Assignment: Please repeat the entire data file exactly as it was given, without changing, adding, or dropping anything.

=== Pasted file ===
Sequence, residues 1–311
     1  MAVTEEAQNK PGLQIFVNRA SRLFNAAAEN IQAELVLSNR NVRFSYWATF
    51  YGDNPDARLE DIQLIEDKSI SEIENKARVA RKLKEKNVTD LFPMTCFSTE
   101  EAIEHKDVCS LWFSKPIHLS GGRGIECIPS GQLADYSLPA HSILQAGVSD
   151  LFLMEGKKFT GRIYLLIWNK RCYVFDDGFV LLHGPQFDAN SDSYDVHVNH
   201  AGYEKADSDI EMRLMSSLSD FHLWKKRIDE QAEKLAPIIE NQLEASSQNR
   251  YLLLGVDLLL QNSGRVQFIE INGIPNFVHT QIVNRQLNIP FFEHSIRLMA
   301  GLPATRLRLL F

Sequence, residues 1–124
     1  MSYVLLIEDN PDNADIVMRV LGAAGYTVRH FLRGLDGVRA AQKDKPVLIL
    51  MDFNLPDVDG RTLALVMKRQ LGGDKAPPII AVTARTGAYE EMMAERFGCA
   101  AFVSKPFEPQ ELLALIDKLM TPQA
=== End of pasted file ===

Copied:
Sequence, residues 1–311
     1  MAVTEEAQNK PGLQIFVNRA SRLFNAAAEN IQAELVLSNR NVRFSYWATF
    51  YGDNPDARLE DIQLIEDKSI SEIENKARVA RKLKEKNVTD LFPMTCFSTE
   101  EAIEHKDVCS LWFSKPIHLS GGRGIECIPS GQLADYSLPA HSILQAGVSD
   151  LFLMEGKKFT GRIYLLIWNK RCYVFDDGFV LLHGPQFDAN SDSYDVHVNH
   201  AGYEKADSDI EMRLMSSLSD FHLWKKRIDE QAEKLAPIIE NQLEASSQNR
   251  YLLLGVDLLL QNSGRVQFIE INGIPNFVHT QIVNRQLNIP FFEHSIRLMA
   301  GLPATRLRLL F

Sequence, residues 1–124
     1  MSYVLLIEDN PDNADIVMRV LGAAGYTVRH FLRGLDGVRA AQKDKPVLIL
    51  MDFNLPDVDG RTLALVMKRQ LGGDKAPPII AVTARTGAYE EMMAERFGCA
   101  AFVSKPFEPQ ELLALIDKLM TPQA